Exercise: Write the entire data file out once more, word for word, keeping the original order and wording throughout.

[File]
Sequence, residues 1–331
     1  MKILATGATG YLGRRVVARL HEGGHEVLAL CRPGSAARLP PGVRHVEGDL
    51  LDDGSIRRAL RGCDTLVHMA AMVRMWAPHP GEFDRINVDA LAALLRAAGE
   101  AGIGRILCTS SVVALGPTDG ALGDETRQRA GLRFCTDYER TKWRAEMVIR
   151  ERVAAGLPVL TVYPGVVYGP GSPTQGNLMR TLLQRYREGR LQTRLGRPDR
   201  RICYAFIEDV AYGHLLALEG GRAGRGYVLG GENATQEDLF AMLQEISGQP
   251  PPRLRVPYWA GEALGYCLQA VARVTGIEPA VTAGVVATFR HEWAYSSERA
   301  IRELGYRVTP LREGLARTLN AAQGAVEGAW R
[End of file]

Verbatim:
Sequence, residues 1–331
     1  MKILATGATG YLGRRVVARL HEGGHEVLAL CRPGSAARLP PGVRHVEGDL
    51  LDDGSIRRAL RGCDTLVHMA AMVRMWAPHP GEFDRINVDA LAALLRAAGE
   101  AGIGRILCTS SVVALGPTDG ALGDETRQRA GLRFCTDYER TKWRAEMVIR
   151  ERVAAGLPVL TVYPGVVYGP GSPTQGNLMR TLLQRYREGR LQTRLGRPDR
   201  RICYAFIEDV AYGHLLALEG GRAGRGYVLG GENATQEDLF AMLQEISGQP
   251  PPRLRVPYWA GEALGYCLQA VARVTGIEPA VTAGVVATFR HEWAYSSERA
   301  IRELGYRVTP LREGLARTLN AAQGAVEGAW R